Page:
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Women in AI: King’s College’s Kate Devlin is researching AI and intimacy

To give female academics and others focused on AI some well-deserved and long-overdue time in the spotlight, TechCrunch has launched a series of interviews focusing on the remarkable women contributing to the AI ​​revolution. As the AI ​​craze continues, we will publish multiple articles throughout the year highlighting critical work that is often overlooked. Read more profiles here.

Kate Devlin is Lecturer in Artificial Intelligence and Society at King’s College London. Devlin is the author of “Turn On: Science, Sex, and Robots,” which explores the ethical and social implications of technology and intimacy, and his research examines how people interact with and react to technologies of the past and future.

Devlin ran the UK’s first sextech hackathon in 2016 and directs advocacy and engagement for the Center for Trustworthy Autonomous Systems, a collaborative platform supporting the development of “socially beneficial” robotics and artificial intelligence systems. She is also a board member of the Open Rights Group, an organization dedicated to protecting digital rights and freedoms.

Q&A

In a nutshell, how did you get started in the field of artificial intelligence? What drew you to this field?

I started as an archaeologist and eventually crossed disciplines and completed a PhD. In 2004, I received my PhD in Computer Science. The idea was to integrate these disciplines, but I ended up doing more and more research in human-computer interaction, how people interact with artificial intelligence and robots, including the reception of these technologies.

What work (in artificial intelligence) are you most proud of?

I’m delighted that intimacy and artificial intelligence are now being taken seriously as an academic field of study. There is some amazing research going on. It was once considered very niche and unlikely. Now we’re seeing people develop meaningful relationships with chatbots—meaningful because they actually mean something to those people.

How do you deal with the challenges of the male-dominated tech industry and the male-dominated artificial intelligence industry?

I don’t. We just have to persist. This is still shockingly sexist. Maybe I don’t want to “lean in”; maybe I want an environment that isn’t defined around the qualities of masculinity. I think it’s a two-pronged thing: We need more women in visible, senior positions, and we need to address sexism in schools and elsewhere. Then we need systemic changes to stop the “leaky pipeline” – we’re seeing an increase in women in AI and tech due to increased home working because it’s better suited to childcare, let’s face it , which still falls on our shoulders. Give us more flexibility until we don’t have to do the bulk of the care ourselves.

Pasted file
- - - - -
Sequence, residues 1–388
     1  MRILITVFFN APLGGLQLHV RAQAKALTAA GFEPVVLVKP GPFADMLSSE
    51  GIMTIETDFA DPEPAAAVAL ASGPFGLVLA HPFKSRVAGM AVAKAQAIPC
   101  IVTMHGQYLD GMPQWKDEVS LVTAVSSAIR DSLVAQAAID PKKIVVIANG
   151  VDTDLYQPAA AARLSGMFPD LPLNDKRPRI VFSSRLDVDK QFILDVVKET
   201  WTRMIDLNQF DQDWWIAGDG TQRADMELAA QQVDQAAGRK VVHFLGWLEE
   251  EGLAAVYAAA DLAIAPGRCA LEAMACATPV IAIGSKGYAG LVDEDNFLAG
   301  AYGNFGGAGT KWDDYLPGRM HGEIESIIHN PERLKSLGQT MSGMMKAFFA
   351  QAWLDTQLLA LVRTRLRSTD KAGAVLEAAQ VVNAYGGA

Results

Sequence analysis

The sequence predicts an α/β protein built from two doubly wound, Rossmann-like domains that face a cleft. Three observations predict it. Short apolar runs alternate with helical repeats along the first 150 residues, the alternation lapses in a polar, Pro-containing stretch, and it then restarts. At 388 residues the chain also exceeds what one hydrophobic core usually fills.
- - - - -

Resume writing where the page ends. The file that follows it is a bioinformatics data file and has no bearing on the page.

What advice would you give to women seeking to enter the field of artificial intelligence?

You have the right to take up the same amount of space as a man.

What are the most pressing issues facing artificial intelligence in its development?

responsibility. Accountability. There is currently a high level of enthusiasm for technological determinism, as if we are hurtling toward a dangerous future. We don’t have to be. This can be rejected. It’s good to prioritize different paths. The problem we face is rarely new; its size and scale make this particularly tricky.

What issues should artificial intelligence users pay attention to?

Uh… late capitalism.

Even more useful: check the source – where did the data come from? How ethical is the provider? Do they have a good track record of social responsibility? Would you let them control your oxygen supply on Mars?

What is the best way to build artificial intelligence responsibly?

Regulation and conscience.

How can investors better promote responsible AI?

Thinking about this from a purely business perspective, if you care about people, you will have more satisfied customers. We can see through moral cleansing, so that really makes it important. Hold companies accountable for considering issues such as human rights, labor, sustainability and social impacts in AI supply chains.

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